The project has brought community members and pupils from the comprehensive school together to learn wool-craft skills. Operating initially as an after school club, the group see the sheep sheared and then wash, dye, spin, weave, felt and knit the fleece themselves. The start-up costs were funded by the local Council's Youth Initiative Fund and as part of this an evaluation was undertaken early on in the project. This showed that, as well as developing these skills, the course had a huge impact on both teenagers and community members' levels of happiness. They also appreciated the contributions different generations had to make, felt more connected to the town and found the crafts hugely helped relaxation.
Sue Poole, one of the organising team said: "It is wonderful to see everyone 'growing' with each other - understanding that we all have a place and something to give to our community".
The sense of connection was helped by Richard Fox, a local historian and member of the family who owned and developed the mill for over 350 years, joining the group. He took them around the town to explain how the landscape and old buildings used to be part of the mill industry. Richard, 74, explained:
"We are variously created with brains, eyes, hands, feet, etc. I believe that if we do not use all these, in balance, then we get out of balance, and get somewhat miserable. People tell me of their work frustrations and I wonder if the money saved by using technology instead of our hands is spent on mental health instead"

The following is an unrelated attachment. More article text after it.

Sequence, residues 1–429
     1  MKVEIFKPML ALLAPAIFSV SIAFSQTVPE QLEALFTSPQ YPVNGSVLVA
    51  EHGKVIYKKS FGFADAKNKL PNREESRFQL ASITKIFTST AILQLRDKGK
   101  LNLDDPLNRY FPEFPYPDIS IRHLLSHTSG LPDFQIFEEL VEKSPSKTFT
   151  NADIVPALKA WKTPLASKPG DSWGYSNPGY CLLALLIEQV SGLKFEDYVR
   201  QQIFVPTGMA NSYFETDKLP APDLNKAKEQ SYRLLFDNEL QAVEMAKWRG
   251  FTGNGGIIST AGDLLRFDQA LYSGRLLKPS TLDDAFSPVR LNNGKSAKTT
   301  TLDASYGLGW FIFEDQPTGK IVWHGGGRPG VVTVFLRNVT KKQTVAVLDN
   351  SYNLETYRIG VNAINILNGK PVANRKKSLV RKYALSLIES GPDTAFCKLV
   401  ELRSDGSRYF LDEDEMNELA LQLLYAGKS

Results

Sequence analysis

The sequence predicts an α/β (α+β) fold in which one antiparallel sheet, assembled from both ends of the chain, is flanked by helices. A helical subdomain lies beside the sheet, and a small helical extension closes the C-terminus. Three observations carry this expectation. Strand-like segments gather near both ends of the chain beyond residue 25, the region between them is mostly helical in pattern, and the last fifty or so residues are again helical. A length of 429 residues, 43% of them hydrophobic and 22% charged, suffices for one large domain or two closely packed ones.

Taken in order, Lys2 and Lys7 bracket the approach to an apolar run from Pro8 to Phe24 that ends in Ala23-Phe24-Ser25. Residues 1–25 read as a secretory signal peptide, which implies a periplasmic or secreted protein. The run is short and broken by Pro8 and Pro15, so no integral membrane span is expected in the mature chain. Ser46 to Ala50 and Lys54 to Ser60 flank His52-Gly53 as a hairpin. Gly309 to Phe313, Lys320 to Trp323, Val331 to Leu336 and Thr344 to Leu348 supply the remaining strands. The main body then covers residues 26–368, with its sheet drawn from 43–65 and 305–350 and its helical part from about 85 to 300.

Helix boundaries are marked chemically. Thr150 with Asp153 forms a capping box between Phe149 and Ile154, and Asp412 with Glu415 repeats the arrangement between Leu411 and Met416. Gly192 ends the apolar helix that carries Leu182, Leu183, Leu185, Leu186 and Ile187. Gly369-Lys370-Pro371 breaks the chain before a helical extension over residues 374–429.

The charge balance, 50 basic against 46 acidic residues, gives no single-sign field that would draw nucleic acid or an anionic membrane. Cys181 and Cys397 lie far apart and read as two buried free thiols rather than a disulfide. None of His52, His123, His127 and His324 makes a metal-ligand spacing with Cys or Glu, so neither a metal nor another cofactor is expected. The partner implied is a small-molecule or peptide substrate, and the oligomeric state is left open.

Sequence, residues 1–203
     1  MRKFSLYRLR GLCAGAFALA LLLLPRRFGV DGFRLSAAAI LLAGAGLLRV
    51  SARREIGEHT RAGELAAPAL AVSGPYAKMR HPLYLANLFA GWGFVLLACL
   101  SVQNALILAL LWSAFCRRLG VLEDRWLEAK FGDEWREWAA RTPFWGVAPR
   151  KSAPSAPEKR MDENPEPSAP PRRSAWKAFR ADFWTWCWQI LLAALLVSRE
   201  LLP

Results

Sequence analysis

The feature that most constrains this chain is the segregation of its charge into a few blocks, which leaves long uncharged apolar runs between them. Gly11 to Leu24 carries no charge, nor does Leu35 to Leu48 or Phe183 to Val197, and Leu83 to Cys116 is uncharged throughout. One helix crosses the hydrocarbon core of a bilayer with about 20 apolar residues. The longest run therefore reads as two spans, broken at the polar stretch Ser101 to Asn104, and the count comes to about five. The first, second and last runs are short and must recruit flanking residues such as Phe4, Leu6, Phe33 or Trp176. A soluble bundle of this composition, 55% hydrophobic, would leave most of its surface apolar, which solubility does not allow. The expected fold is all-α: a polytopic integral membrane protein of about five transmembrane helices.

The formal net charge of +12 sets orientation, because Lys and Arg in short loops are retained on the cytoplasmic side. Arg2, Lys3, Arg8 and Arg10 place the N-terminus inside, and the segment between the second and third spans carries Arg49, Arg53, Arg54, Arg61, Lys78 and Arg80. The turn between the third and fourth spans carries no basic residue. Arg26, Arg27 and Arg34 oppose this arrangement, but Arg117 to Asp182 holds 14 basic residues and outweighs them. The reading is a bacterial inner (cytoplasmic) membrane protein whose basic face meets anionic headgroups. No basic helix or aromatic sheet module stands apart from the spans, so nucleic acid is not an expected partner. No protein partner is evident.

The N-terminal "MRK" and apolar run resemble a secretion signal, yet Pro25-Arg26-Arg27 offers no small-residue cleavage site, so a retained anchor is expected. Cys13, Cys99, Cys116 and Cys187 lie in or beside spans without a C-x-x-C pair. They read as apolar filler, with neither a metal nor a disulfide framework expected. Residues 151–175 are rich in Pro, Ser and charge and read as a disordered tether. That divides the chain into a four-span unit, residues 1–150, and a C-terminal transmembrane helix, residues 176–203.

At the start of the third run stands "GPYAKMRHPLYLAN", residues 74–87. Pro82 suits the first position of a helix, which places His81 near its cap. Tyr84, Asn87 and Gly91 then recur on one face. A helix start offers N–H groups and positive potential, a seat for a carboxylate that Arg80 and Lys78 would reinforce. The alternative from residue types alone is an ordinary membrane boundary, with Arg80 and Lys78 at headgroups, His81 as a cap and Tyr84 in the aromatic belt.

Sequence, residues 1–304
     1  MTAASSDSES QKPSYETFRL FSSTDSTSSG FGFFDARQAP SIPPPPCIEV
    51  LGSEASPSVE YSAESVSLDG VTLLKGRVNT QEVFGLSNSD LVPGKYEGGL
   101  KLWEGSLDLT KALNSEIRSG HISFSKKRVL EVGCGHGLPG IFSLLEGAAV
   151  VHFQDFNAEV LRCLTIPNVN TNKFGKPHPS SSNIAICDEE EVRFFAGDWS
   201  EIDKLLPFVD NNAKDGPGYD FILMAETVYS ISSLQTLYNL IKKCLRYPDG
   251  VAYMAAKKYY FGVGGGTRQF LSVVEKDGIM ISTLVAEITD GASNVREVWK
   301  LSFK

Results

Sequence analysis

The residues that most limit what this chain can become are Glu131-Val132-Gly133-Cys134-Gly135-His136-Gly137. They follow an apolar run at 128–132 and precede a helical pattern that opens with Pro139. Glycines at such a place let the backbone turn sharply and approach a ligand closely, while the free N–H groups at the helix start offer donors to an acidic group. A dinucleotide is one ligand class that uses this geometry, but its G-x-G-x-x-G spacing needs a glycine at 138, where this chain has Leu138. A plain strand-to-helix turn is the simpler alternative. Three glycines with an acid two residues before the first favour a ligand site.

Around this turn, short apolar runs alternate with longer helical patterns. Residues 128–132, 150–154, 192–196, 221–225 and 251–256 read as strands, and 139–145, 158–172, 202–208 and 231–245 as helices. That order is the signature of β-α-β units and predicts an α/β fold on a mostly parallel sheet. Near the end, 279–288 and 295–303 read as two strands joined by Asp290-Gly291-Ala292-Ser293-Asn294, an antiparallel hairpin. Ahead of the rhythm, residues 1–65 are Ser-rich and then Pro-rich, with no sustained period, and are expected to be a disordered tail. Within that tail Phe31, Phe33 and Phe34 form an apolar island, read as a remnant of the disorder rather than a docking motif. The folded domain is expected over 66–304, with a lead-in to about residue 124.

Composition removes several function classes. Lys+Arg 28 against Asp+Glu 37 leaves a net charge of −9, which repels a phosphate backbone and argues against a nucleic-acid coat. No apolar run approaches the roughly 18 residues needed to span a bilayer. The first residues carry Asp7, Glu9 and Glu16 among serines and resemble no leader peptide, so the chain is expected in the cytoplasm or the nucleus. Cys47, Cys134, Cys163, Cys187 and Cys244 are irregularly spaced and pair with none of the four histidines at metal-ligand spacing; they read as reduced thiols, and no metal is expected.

Deb Glennie adds; "When you have created something you get a tremendous inner sense of achievement. This all gets lost when we're working for someone else's profit. It's just numbers. You can't stamp your individuality on it“.
The green and social agendas are usually seen separately, but what we believe is that they are inseparable. If we help our young people to feel an affinity with the natural world, they will experience more inner harmony and this will then, over the long term, reduce some of our social problems.
It is now hoped that in the future some type of school for these skills could be set up, so that a whole range of young people can be our investors for the future, keeping these wonderful crafts, and the inner well-being that comes with them, alive for future generations.
Jan has spent the last eight years setting up community projects where she lives in Somerset. Jan now runs exploratory and therapeutic weaving workshops during which participants use the weaving as a means of celebrating nature and generating actions that can be taken forward to create happier, greener, safer communities. Jan will be running a workshop this weekend (July 24th 2013) at Resurgence Summer Gathering.
Jan can be contacted on: firstname.lastname@example.org